Monday, 3 August 2015


For me the very best thing of being on a holiday is the discovering of new flavors, new ingredients, new dishes! The last couple of weeks we stayed in Colleville-sur-Mer a little pittoresk town in the French region of Calvados. Calvados, where the real deal apple brandy 'Calvados' comes from. This means that in every town - how insignificant and small it may seem - you will find an apple orchard and a cider and apple farm on the corner of the street. Most of these apple farms also keep bees to produce the most wonderful apple blossom honey. To be surrounded by so much attention to local food culture and so many food craft skills made me very humble and blessed. It's very easy to ridicule the French protection of domestic products. But by doing so you definitely underestimate the experience of really connecting with your local environment. It's amazing how much satisfaction you get from opening a bottle of cider knowing you are thereby supporting your local apple farm. It's marvellous and I can highly recommend it!

The French kitchen doesn't have much secrets anymore after kitchen goddess beyond praise Julia Child revealed the three most important ones: butter, butter, and butter. And indeed, butter plays a leading role in French cuisine and is very important for the local Normandy economy. Last week we visited a caramel factory in Isigny-sur-Mer. There you could watch the factory craftsmen making caramel fudge from scratch using only locally produced milk, butter, and sugar. At the factory we were told that because of the Wall Street Crash of 1929 the Normandy dairy farmers had a major milk surplus and didn't know what to do with it. The local chef and foodie avant la lettre Ernest Fleutot decided to process the milk in a unique recipe making milk caramel bonbons. The recipe of Ernest Fleutot has been perfected ever since and is now known as caramel fudge: soft, sweet caramel goodies.

No offence to butter but if I had to pick one flavor that will immiately take me back to the French countryside I would choose lavender. During summertime everywhere you go French lavender blooms lushly: in the medicinal herbgarden of the Castle of Caen, in the kitchen garden of the castle in Falaise where William the Conqueror was born, even on roundabouts in downtown Bayeux! Rich bundles of purple flowers waving in the wind or curving under heavy rain. Whatever the precariously Normandy summer will come up with: the lavender will surly air its scents and every day buzzing bumblebees and honeybees will visit its flowers.

The history of lavender goes way back to antiquity when it was considered a very valuable and even holy herb. Lavender was then called nard after the Syrian city of Naarda and is mentioned in the biblical Song of Salomon. The Song of Salomon is an ode to love and is full of allegories. In chapter 4, verse 12-15 the groom sings for his bride:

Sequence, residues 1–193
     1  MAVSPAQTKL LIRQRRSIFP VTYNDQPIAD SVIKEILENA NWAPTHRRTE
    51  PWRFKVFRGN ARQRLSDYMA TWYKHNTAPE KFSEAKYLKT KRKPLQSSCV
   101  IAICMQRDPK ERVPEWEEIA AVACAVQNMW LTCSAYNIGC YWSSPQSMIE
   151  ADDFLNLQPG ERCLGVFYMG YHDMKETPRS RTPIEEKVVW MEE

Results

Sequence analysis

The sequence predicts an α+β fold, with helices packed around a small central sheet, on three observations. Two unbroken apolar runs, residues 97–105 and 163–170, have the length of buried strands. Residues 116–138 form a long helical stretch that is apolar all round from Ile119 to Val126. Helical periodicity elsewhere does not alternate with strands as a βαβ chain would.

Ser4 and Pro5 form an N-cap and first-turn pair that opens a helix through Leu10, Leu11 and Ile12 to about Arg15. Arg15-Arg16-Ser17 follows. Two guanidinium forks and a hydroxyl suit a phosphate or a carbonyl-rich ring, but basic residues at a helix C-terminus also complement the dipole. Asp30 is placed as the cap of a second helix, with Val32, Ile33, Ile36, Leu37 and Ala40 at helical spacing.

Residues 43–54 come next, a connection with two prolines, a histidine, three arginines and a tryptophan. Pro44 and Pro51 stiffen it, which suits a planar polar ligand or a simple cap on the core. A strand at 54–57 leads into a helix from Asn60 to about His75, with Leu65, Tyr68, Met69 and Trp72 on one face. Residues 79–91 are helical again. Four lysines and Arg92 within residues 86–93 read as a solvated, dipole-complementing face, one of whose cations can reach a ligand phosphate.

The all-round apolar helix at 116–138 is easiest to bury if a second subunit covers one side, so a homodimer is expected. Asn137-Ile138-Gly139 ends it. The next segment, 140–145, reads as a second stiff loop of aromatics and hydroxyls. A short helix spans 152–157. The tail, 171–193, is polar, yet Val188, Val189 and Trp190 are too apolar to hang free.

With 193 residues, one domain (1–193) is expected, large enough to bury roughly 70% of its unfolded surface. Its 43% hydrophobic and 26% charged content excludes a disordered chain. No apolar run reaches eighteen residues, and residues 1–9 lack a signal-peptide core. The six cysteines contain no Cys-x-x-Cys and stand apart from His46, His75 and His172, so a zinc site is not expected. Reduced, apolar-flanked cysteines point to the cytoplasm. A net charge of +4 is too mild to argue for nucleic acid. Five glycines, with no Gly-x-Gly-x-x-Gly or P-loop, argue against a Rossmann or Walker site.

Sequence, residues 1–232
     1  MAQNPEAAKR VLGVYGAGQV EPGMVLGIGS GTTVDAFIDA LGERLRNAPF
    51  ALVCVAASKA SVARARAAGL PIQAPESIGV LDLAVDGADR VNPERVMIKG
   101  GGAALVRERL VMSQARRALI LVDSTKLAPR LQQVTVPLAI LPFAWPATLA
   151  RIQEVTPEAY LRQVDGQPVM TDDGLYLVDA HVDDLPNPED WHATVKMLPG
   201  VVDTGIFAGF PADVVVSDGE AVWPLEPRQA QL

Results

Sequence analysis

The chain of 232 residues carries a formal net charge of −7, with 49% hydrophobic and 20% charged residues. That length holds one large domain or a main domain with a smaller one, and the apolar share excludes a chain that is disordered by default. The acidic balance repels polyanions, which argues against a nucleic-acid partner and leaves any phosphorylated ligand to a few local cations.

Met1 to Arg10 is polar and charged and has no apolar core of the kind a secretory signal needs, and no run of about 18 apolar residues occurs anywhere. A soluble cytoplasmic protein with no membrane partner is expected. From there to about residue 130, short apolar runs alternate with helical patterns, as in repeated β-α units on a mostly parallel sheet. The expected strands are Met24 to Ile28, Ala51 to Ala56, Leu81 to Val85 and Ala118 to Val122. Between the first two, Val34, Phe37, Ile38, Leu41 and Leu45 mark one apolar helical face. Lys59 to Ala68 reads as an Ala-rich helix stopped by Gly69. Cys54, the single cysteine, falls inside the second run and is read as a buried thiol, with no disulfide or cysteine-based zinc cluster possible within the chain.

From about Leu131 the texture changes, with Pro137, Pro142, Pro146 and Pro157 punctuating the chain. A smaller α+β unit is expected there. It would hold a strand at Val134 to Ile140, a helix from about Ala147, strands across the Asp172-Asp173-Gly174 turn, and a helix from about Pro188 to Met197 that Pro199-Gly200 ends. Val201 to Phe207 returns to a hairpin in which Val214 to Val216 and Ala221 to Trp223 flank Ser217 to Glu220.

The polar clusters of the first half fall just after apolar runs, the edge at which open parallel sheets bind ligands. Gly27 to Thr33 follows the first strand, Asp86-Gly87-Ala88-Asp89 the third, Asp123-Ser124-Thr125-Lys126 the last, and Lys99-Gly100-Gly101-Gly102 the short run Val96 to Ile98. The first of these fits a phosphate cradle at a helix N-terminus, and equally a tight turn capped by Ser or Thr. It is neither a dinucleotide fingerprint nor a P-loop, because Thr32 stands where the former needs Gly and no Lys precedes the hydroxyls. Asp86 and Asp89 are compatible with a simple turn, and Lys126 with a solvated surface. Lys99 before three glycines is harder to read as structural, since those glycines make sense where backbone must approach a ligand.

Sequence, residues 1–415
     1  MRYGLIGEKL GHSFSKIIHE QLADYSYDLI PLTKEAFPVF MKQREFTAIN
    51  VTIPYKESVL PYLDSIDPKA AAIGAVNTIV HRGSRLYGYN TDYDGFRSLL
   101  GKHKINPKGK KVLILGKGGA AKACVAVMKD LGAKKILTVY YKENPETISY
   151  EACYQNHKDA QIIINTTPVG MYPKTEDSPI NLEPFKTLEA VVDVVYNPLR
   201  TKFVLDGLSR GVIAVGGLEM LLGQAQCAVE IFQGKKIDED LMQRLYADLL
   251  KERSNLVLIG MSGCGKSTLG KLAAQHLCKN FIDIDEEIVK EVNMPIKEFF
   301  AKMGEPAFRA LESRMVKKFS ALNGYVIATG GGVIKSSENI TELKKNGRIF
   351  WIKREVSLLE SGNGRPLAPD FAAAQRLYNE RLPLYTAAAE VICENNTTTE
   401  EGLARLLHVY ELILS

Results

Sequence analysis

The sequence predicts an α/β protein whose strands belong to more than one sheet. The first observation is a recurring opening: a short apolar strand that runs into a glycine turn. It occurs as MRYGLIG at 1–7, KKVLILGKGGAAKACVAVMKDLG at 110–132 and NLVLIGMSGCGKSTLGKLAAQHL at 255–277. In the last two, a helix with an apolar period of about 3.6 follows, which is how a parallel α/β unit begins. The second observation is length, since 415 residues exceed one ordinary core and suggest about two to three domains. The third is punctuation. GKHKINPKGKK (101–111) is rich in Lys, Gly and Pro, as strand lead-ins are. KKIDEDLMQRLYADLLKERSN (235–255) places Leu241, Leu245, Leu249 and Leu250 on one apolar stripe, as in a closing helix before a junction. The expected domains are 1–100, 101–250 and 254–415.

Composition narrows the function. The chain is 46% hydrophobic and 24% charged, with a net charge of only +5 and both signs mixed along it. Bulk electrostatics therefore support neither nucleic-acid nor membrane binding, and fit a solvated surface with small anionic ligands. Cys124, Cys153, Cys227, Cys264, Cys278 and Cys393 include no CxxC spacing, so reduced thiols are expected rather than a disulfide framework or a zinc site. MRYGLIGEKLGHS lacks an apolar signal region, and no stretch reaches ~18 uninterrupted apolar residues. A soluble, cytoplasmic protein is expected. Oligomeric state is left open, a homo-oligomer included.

'A garden inclosed is my sister, my spouse; a spring shut up, a fountain sealed. Thy plants are an orchard of pomegranates, with pleasant fruits; camphire, with spikenard. Spikenard and saffron; calamus and cinnamon, with all trees of frankincense; myrrh and aloes, with all the chief spices: a fountain of gardens, a well of living waters, and streams from Lebanon.' 
I don't know about you but if I would receive such a declaration of love today I would definitely date the guy. If it wasn't for his originality then definitely to tell him that comparing me to a sealed fountain maybe isn't the fastest way to my heart. The Latin lavandarius (from the verb lavare which means to wash) inspired Linnaeus to call the plant Lavandula. Lavandula has different cultivars like hidcote, latifolia, stoechas and the most well known angustifolia.

Well, that's enough information for now I think so let's move on to the lushy lavender lemonade! This lemonade has a distinctive, refreshing flavor and is thereby very suitable for a hot summer's day. You can easily adjust the taste by playing with the amounts. For instance, if you want a clear lavender taste you can use a couple of more sprigs or infuse them longer. If you want a really refreshing lemonade you can add some more lemon juice. Or if you want a sweet drink you just add some more honey, it's all up to you! The funniest part of this lemonade is the pretty pink color. The lemonade will turn pink if you add the lemon juice to the lavenderwater just like that! This little chemical kitchen experiment alone is reason enough to make this lemonade. The refreshing taste you get in the bargain!

Recipe Lushy Lavender Lemonade


500 ml boiling water
500 ml cold water
15 fresh sprigs of lavender (watch it: do NOT use potpourri lavender!)
juice of 5-7 lemons
a couple of tablespoons French apple blossom honey (any flower honey will do)
slices of lemon and some ice cubes

1. Put the honey and the lavender in a large bowl. Pour the boiling water in the bowl, dissolving the honey and infusing the lavender. The longer you infuse the lavender, the stronger the lavender taste.

2. Squeeze the lemons. Sieve the lavenderwater, holding behind all the sprigs and flowers.

3. And now the funniest part: pour the lemon juice in the bowl with lavenderwater and watch it turn pretty pink! Be sure to use a glass bowl so you are able to see the epic color switch! Taste. Dilute with cold water. Taste again. Add more water, lemon juice, or honey to your liking. Let cool in the fridge for at least half an hour.

Serve the lushy lavender lemonade cold with some slices of lemon or some ice cubes and picture yourself in the French countryside surrounded by buzzing bumblebees.

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